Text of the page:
Frustrated by her designated role as the fluff or froth reporter, April O'Neil investigates the growing threat to the safety and stability of New York City, the Foot Clan. While following up on a lead, April bears witness to an attempted robbery, which is thwarted by a mysterious band of vigilantes. Finally seeing an opportunity to further her career, April inadvertently reignites a plan which could lead to the death of millions. Discovering unforeseen connections to her past, April joins forces with a teenage band of mutant ninja turtles to save the city.
"Teenage Mutant Ninja Turtles" is the latest adaptation of the graphic novel turned cartoon, which took root in the hearts of millions, in decades past. Adding to the growing catalogue of childhood reboots, Megan Fox reenters Michael Bay's sphere of merchandise driven franchises. Unlike Fox's role in the Transformer movies, Fox takes center-stage as the film's lead actor. While Fox has proven to have real acting chops, TMNT primary exhibits her photographic and physical appeal. If not counting her trampoline scene, nor the central framing of her rear, as she leans out of the window to capture footage of the turtles in action, the majority of the film focuses on her male counterparts, commenting on her hotness and making less than subtle advances. While Fox is pleasant to watch, this does very little to offer audiences much to imbibe, in regards to developing any genuine concern or understanding of the characters caught in the orbit of Fox's gravitational pull. Despite the pointed and pointless nature of most of the dialogue, Fox does a great job of driving what is ultimately a fragmented origin story, of which half is narrated during the opening credits. The rest is great visual effects, predictable action sequences, and lots of under developed subplot, with some product placement and pointless cameos.
Since Michael Bay was one of the film's primary producers, most immediately expected what we ultimately got. However, he didn't direct it. Even if he had, Bay has actually produced good movies, ones worth watching more than once. Unfortunately, TMNT is not one of those films. Like the latest Transformers, it is just a little too one sided, focused more on visuals than on the quality and balance that should exist between the story and its visual components. Regardless, the film has lots of fun moments and plenty of pretty to ogle and admire. With an opening weekend of $65 million under its belt, Paramount has already announced an impending sequel, slated for release in June of 2016. According to Adam Goodman (president of Paramount's film group), TMNT exceeded their expectations, as stated in the Hollywood Reporter (Aug 10th).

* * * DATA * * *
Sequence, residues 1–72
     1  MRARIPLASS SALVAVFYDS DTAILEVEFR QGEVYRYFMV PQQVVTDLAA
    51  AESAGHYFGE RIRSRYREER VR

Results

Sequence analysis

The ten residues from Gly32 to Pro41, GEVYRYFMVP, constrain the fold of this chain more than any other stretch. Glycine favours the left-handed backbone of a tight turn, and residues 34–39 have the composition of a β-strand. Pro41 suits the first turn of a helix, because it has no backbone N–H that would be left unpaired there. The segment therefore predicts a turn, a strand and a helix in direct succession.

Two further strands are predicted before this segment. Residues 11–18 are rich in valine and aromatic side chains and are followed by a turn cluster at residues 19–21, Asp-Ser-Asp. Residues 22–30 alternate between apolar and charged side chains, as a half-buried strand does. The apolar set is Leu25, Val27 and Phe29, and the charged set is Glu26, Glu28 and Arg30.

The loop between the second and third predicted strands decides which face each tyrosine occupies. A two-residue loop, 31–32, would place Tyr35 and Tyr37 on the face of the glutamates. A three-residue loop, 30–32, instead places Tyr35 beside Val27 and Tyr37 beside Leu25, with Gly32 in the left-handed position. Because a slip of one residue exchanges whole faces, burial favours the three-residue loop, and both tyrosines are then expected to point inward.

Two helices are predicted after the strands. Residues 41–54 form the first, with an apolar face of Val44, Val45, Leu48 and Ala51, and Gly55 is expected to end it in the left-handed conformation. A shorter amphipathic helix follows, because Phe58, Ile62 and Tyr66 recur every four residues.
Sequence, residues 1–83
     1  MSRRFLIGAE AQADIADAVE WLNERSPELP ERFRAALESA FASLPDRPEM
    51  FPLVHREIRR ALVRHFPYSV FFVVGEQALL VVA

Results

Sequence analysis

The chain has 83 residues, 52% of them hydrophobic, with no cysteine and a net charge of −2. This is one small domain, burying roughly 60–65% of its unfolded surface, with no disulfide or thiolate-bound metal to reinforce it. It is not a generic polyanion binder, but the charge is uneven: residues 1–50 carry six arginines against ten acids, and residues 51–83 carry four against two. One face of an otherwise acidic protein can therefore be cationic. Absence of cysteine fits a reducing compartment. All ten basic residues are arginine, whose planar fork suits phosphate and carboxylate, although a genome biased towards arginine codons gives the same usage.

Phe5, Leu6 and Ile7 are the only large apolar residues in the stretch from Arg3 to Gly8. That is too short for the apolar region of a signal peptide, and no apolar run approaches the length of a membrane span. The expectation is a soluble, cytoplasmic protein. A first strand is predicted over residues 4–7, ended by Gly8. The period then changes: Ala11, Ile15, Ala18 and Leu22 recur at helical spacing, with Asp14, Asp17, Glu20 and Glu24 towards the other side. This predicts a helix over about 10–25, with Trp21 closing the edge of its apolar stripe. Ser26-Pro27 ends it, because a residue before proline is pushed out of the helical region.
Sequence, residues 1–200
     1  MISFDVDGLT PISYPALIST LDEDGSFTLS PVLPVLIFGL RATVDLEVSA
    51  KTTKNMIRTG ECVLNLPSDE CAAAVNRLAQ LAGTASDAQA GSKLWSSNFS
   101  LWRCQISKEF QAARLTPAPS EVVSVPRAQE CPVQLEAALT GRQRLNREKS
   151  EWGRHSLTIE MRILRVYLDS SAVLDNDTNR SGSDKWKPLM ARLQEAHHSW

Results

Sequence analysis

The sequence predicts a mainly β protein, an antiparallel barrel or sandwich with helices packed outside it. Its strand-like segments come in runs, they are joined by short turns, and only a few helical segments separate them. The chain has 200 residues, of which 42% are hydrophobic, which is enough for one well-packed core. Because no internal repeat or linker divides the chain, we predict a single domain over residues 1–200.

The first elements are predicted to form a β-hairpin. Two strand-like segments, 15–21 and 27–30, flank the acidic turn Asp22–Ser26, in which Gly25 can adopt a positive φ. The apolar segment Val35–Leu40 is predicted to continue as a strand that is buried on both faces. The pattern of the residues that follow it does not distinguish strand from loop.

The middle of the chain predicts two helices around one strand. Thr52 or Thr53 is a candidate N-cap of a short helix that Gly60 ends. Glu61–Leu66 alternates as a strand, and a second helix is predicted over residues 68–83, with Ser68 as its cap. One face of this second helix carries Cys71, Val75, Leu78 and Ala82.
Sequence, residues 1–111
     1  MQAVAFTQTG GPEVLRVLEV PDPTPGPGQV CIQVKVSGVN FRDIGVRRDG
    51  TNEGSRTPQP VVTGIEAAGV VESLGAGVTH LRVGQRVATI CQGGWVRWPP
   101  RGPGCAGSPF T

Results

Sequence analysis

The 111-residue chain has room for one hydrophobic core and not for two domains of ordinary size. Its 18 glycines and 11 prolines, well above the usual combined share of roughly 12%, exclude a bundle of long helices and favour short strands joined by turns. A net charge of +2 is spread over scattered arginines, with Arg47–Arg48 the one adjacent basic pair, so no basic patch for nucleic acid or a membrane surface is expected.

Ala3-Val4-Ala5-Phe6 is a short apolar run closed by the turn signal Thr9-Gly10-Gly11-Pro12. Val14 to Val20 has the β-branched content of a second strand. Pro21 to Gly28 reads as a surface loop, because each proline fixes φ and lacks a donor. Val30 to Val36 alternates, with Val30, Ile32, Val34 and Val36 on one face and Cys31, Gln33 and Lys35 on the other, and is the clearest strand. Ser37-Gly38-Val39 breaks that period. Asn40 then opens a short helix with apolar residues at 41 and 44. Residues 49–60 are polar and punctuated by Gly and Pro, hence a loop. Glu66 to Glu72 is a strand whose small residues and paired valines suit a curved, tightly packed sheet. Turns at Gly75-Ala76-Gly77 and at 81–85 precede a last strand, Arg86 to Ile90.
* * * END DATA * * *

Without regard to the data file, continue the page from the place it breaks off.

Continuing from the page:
"Launching a new take on the Turtles into the feature film world was a daunting task because as fans of them ourselves, we felt a great responsibility to ensure audiences were going to experience everything they loved about the Turtles, while also getting to see them brought to life in a way they had never been seen before. The result exceeded our high expectations and the response to the film is beyond great, making it all the more fun to get started on the continuation of their story."
While the internet overflows with comments and reviews which suggests that Paramount's expectations should have been higher, it's obvious that a good weekend at the box office is as far as Bay, Goodman, and Paramount are willing to go when it comes to making a good film. Apparently, the only magic left in Hollywood comes from its chosen visual effect studios. In this case, Image Engine Design, Legacy Effects, and Industrial Light & Magic continue to amaze and astound.